• Martin Dalby
  • Cantica (1969)

  • Novello & Co Ltd (World)

Commissioned by the Clifton Ensemble

  • clpfva
  • Soprano [=Tenor]
  • 10 min
  • Martin Dalby
  • settings of poems by Tommaso Campanella
  • English

Programme Note

Martin Dalby: Cantica for voice, clarinet, viola and piano (1969)

Cantica is the fourth in a series of musically related chamber works which include Variations for cello and piano (1966), Piano Trio (1967) and Commedia for clarinet and piano trio (1969). Cantica is a setting of four poems by Tommaso Campanella (1568-1639) from the "psalms" of "Cantica". The settings are scored for voice, clarinet, viola and piano and were commissioned by the Clifton Ensemble who first performed them in London in 1969.
© Martin Dalby

Signore, troppo peccai, troppo, il conosco;
Signor, piu non m'ammiro
del mio atroce martìro.
Nè le mie abbominevoli preghiere
di medicina, ma di mortal tesco
fur degne. Ahi, stolto e losco!
Dissi: - Guidica, Dio, - non - Miserere. -
Ma l'alta tua benigna sofferenza,
per cui più volte non mi fulminasti,
mi dà qualche credenza
che perdonanza alfin mi riserbasti.
Lord, too much I sinned, too much, I knew;
Lord, I no longer wonder at my appalling
torment. Nor were my loathsome prayers worthy of balm, but of deadly poison. Ah! foolish and darkened I said: Judge, God, - not - Have mercy. But your kindly patience, thanks to which, many times, you have not blasted me, gives me some assurance that you have reserved pardon for me at the last.
Io mi credevo Dio tener in mano,
non seguitando Dio,
ma l'argute ragion del senno mio,
che a me ed a tanti ministrâr la morte.
Benchè sagace e pio, l'ingegno umano
divien cieco e profano,
se pensa migliorar la comun sorte,
pria che mostrarti a' sensi suoi, Dio vero,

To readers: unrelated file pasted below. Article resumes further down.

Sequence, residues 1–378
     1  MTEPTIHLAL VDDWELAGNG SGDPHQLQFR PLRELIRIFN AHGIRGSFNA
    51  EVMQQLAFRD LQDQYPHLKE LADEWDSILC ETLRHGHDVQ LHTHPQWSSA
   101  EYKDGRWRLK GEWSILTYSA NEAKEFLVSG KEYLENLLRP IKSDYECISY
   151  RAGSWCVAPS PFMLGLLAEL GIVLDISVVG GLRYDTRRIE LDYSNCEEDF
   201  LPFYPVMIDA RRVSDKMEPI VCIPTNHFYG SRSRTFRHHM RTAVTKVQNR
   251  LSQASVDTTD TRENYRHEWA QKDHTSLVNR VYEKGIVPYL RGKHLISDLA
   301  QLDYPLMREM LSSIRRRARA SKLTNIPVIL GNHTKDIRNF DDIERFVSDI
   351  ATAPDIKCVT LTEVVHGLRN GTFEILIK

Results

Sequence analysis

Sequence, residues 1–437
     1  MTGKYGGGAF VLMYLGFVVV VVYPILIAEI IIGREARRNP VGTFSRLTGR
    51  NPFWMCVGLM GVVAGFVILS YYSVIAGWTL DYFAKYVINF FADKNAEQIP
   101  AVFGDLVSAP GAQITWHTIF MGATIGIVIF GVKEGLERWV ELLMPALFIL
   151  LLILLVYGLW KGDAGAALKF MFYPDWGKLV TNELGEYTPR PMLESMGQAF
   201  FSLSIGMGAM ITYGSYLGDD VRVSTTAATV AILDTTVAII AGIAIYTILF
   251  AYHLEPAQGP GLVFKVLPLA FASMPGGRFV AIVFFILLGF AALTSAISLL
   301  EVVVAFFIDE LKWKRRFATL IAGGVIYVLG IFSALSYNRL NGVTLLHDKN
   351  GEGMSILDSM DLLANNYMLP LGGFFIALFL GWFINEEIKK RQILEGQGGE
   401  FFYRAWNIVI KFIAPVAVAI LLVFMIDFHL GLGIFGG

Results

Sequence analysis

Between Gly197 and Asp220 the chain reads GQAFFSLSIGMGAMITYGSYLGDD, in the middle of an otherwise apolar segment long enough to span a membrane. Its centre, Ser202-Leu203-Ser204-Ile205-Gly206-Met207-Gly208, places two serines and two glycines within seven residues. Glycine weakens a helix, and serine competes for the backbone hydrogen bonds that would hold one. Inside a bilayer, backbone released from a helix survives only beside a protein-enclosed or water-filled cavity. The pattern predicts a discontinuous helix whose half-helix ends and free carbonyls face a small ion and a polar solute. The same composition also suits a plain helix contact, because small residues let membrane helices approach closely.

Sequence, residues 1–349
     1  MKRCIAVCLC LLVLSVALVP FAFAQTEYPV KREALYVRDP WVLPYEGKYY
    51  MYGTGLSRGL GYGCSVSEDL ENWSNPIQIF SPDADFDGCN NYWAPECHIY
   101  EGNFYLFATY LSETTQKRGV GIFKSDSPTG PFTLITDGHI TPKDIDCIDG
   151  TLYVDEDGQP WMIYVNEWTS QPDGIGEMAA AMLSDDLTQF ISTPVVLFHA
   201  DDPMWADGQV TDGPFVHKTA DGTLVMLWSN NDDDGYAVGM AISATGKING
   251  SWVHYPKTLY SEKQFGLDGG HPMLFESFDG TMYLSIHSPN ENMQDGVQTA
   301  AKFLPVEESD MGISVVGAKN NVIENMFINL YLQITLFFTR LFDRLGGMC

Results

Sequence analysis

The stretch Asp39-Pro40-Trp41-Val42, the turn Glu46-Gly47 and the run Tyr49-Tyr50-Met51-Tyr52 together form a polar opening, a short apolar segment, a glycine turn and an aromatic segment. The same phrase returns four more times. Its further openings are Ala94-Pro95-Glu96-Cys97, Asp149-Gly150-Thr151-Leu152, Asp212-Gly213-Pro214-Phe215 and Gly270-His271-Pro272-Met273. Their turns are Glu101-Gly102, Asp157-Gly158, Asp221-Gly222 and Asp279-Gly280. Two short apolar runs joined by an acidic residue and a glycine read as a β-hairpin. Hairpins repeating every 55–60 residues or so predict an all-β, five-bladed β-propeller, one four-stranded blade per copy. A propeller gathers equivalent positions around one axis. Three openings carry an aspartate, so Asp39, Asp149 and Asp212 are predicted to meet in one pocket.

e mandarlo ed armarlo non ti degni,
come tuo messaggiero,
di miracoli e prove e contrassegni.
I believed I held God in my hand, though not following God, but the subtle reasonings of my intellect, that to me and so many have dealt death. Although wise and pious, human wit becomes blind and profane, if it thinks to better the common fate before you, true God, see fit to reveal yourself to its faculties, and send it and arm it as your messenger, with miracles and proofs and signs.
Quante prende dolcezze e meraviglie
l'anima, uscendo dal gravante e cieco
nostro terreno speco!
Snella per tutto il mondo e lieta vola,
riconosce l'essenze, e vede seco
gli ordini santi e l'eroica famiglia,
che la guida e consiglia,
e come il primo Amor tutti consola,
e quanti mila n'ha una stella sola. How much sweetness and wonder seizes on the soul, when it comes out from this heavy, blinded cave of ours! Clean and glad it flies through all the universe, recognizes the essences of all things, and sees by its side the orders of saints and the heroic family, which guide and counsel it, and how first Love comforts all, and how many spirits a single star holds

Tardi, Padre, ritorno al tuo consiglio,
tardi il medico invoco:
tanto aggravato, il morbo non dà loco.
Quanto più akzar vo'gli occhi al tuo splendore,
più mi sento abbagliar, gravarmi il ciglio.
Poi con fiero periglio
dal lago inferior tento uscir fuore
con quelle forze che non ho, meschino.
Meschino me, per me stesso perdute,
chè l'aiuto divino,
che sol salvarmi può, bramo e rifiuto! Late, father, I come back for your counsel, late I summon the doctor; so worsened the disease that it does not yield. The more I wish to raise my eyes to your brightness, the more I feel dazzled, my eyelids weighing. Then, to my fierce danger, I try to get out of the bottommost lake with those powers that, wretch, I do not possess. Wretch that I am, lost thanks to myself, since I desire and refuse the divine aid which alone can save me!